I'm delivering a paper at APPAM in November on some research we recently did on developing a national performance indicator for local authorities, which attempts to assess their contribution to the environment of local third sector organisations. It's a complex issue and I think it raises some important issues for those of us who work at the interface of public sector and third sector issues. I'm attaching a draft of the paper and would be delighted if you had any comments. I'm taking this chance to circulate you on the old School of Public Policy list server, as I notice that, peculiarly, it still lives on, after 1 August! Best, Tony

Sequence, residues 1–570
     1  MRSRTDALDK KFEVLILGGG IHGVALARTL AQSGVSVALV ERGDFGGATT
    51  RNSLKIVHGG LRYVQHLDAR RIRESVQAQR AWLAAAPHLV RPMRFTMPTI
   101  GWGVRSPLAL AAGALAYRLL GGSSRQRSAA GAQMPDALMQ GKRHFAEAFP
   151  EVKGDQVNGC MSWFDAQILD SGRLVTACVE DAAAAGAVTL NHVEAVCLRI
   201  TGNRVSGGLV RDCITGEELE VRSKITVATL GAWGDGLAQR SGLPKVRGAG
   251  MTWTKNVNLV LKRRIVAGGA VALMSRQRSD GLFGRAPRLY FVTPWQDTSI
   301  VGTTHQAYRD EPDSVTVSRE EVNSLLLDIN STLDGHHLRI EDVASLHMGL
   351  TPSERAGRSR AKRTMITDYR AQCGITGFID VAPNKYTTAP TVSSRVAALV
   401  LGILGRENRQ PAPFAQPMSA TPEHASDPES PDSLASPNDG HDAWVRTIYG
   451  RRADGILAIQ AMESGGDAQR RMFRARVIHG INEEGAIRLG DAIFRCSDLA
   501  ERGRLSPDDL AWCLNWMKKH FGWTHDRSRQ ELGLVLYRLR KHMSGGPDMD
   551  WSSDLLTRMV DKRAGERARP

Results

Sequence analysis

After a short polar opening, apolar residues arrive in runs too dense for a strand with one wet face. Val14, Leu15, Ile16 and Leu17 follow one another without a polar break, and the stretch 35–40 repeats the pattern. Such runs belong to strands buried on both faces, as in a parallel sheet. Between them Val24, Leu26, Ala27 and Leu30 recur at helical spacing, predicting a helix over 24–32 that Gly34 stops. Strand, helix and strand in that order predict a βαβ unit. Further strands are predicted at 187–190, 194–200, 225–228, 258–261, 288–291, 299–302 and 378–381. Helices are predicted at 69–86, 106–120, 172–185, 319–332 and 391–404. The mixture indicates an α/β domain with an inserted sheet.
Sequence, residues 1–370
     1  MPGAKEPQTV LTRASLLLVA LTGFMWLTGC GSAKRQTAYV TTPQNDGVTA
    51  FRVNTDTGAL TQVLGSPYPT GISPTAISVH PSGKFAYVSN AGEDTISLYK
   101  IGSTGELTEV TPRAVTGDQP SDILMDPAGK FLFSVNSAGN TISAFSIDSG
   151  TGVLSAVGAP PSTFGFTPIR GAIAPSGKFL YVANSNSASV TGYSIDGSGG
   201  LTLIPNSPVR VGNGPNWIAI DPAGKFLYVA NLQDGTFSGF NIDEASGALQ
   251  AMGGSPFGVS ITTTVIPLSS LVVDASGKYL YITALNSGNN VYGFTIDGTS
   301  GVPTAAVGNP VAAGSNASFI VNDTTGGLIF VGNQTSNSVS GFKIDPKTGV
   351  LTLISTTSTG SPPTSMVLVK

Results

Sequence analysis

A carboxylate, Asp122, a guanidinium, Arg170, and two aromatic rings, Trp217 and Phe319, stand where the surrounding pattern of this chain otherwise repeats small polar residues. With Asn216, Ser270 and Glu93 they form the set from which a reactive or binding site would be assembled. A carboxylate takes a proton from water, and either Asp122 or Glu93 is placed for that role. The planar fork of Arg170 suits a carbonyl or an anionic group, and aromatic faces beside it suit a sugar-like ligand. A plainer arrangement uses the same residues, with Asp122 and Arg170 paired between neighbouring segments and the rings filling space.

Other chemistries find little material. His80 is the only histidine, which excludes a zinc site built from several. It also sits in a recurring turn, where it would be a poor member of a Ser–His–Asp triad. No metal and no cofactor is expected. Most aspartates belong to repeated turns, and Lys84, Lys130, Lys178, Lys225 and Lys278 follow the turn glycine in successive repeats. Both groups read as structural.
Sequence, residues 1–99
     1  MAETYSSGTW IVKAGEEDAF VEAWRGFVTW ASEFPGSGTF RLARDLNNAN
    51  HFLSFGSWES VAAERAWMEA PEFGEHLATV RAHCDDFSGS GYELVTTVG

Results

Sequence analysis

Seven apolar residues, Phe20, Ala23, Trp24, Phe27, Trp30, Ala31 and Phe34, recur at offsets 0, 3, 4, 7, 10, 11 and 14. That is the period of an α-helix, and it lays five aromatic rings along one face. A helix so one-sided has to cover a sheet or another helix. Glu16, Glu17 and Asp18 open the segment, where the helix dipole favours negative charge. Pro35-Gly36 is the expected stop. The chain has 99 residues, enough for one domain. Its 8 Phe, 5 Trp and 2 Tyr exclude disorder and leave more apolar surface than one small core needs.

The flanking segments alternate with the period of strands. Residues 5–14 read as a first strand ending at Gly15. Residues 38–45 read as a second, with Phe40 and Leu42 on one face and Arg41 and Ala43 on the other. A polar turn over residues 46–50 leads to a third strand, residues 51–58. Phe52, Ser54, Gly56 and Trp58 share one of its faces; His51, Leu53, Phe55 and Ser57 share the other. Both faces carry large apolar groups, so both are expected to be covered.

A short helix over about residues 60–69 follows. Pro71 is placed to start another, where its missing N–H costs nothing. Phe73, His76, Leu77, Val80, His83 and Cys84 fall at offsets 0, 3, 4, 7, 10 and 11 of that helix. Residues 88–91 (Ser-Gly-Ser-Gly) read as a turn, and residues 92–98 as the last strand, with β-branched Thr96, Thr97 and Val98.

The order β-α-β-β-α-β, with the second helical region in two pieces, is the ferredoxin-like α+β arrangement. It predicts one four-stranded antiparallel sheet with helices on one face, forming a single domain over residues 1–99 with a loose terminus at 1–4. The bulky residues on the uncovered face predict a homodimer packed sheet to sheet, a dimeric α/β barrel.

Dear T. A bold piece of pioneering methodology. I wonder if it would pick up any of the diverse ways Birmingham City Council people have helped or hindered endeavours with which I've been associated as member or initiator over the past 30 years living in Handsworth? I see it as both a practitioner and as a part-anthropologist, part-historian, in terms of myriad incidents, some pivotal, and personalities, often near infathomable. The end results are measurable in cash for projects on the ground. Something happened because the LA or someone or some group in it exercised agency. I worry that the performance management approach keeps us, in this area, in the world of getting better at knowing the costs but no closer to knowing the values, better at assessing quantity but no closer to understanding let alone measuring things to do with quality. How would your method add to our understanding of what made the Good Friday Agreement look and feel like a success and other peace making initiatives not? Best S